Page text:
The Aftermath of the Amtrak Crash

As the investigation into Tuesday’s derailment continues, attention is shifting to the person who was guiding the train.

Charles Mostoller / Reuters

Updated 5/14/15, 1:08 p.m.

According to new reports, another body has been recovered from the wreckage of Amtrak #188, which derailed on Tuesday night. The discovery of a new fatality bring the death toll in the accident to eight, along with over 200 injuries.

In a press conference on Thursday, Philadelphia Mayor Michael Nutter told reporters, "We believe we have now accounted for all 243 individuals that we believe were on Amtrak train 188 on Tuesday night."

Soon after Wednesday’s revelations that the Amtrak #188 was traveling more than twice its mandated speed when it derailed on Tuesday evening, Philadelphia mayor Michael Nutter pointed his finger at the train’s engineer. “Clearly it was reckless in terms of the driving by the engineer,” Nutter told CNN. “There's no way in the world he should have been going that fast into the curve. I don't know what was going on with him.” Nutter added that short of a heart attack, “there’s really no excuse that can be offered.”

But much remains to be determined about the circumstances that caused the derailment. Robert Sumwalt, the National Transportation Safety Board official overseeing the investigation, characterized Nutter’s remarks as “inflammatory.” Sumwalt also said that a technology called positive train control “could have prevented the crash,” according to The New York Times. “Based on what we know right now,” Sumwalt said, “we feel that had such a system been installed on this section of track, this accident would not have occurred.”
What We Know About the Engineer
As part of the investigation, Sumwalt said the NTSB hopes to interview the train’s engineer “as soon as he’s available and ready — I mean mentally and physically.” The engineer is a 32-year-old Queens native named Brandon Bostian. Citing his LinkedIn profile, Ryan Grenoble notes at The Huffington Post that Bostian “has worked at Amtrak for nearly nine years, the first half of which he spent as a passenger conductor before he became a passenger engineer in December 2010.”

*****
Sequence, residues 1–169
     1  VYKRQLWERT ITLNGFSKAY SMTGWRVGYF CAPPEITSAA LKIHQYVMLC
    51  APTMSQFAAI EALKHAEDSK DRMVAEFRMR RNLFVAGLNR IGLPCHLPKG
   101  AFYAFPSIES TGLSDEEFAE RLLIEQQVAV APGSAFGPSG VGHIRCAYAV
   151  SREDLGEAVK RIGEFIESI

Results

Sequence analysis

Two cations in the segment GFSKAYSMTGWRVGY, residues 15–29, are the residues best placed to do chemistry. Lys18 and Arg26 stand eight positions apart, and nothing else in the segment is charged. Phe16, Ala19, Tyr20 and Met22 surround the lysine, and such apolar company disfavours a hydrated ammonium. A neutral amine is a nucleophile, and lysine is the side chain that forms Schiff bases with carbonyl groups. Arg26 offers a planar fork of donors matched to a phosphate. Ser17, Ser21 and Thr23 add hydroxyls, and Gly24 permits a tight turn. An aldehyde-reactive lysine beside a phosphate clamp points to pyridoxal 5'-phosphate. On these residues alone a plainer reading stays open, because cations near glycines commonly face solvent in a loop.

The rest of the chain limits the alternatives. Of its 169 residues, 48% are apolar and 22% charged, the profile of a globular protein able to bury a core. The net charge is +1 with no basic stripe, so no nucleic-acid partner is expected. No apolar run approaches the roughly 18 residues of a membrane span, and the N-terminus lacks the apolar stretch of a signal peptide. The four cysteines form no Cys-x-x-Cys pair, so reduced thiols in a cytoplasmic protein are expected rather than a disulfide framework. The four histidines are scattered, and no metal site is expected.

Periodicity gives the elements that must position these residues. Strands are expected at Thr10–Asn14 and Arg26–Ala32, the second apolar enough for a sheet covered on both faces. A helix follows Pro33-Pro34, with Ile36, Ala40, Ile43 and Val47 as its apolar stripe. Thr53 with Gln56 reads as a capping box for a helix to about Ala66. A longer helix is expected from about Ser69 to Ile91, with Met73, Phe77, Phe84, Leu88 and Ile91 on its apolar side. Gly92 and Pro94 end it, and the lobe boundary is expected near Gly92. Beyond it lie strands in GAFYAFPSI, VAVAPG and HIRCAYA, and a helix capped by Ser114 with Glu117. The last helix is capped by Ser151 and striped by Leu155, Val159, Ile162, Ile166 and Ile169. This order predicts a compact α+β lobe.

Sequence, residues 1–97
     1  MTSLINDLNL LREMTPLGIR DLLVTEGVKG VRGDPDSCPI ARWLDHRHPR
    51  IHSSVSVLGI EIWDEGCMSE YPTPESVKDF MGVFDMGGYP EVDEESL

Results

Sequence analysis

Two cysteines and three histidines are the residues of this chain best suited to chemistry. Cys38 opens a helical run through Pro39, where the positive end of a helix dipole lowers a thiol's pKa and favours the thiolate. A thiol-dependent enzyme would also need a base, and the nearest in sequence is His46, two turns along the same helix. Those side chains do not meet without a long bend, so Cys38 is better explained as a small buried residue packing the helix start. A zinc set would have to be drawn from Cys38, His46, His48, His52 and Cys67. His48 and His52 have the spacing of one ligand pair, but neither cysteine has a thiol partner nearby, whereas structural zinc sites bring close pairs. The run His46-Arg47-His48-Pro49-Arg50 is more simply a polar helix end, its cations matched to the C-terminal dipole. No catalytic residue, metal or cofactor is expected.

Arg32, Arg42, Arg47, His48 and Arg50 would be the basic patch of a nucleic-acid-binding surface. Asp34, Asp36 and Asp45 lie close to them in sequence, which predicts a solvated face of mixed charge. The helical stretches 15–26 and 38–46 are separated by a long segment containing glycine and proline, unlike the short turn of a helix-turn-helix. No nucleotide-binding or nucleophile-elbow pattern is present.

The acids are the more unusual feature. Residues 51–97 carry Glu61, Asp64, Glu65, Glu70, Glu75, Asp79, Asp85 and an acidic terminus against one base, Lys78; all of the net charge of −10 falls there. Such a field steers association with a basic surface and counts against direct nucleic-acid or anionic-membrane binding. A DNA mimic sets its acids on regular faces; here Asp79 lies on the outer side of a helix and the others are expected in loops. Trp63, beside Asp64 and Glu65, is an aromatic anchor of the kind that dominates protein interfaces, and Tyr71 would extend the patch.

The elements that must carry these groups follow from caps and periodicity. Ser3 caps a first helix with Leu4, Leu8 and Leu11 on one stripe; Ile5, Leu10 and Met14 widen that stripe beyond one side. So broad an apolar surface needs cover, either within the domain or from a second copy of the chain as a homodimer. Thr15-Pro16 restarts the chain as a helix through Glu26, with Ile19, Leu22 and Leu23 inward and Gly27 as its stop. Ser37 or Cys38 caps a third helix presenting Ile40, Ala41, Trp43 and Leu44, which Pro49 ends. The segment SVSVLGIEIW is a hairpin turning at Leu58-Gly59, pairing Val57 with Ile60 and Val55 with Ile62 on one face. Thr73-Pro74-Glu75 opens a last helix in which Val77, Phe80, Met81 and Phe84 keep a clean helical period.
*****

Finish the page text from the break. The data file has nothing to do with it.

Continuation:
Bostian’s lawyer, Robert Goggin, said on Good Morning America that Bostian “has absolutely no recollection whatsoever of the events.” “He remembers coming into the curve (and) attempting to reduce speed,” Goggin said. “The last thing he recalls is coming to, looking for his bag, getting his cell phone, turning it on and calling 911.”

Goggin also told ABC News that Bostian suffered a concussion in the crash, had been in good health, and wasn’t taking any medications. Bostian has reportedly turned over a blood sample and his cell phone to authorities.

The Search for Missing Passengers Continues

On Thursday, rescue workers continue to sift through the remains of the passenger cars looking for bodies and possible survivors. Meanwhile, more information has come to light about the passengers whose lives were lost in Tuesday’s disaster.

As The Washington Post noted, the seven fatalities included “Justin Zemser, a 20-year-old midshipman at the U.S. Naval Academy; Rachel Jacobs, 39, chief executive officer of Philadelphia-based ApprenNet; Jim Gaines, a 48-year-old video software architect for the Associated Press; and Abid Gilani, 55, a Wells Fargo executive.” Another passenger, Derrick Griffith, a dean at CUNY’s Medgar Evers College, was identified late on Wednesday night.

According to The New York Times, “Fewer than a dozen people remain unaccounted for, according to an official with knowledge of the investigation.” Given the number of passengers whose fates remain unknown, some expect that the death toll will continue to rise.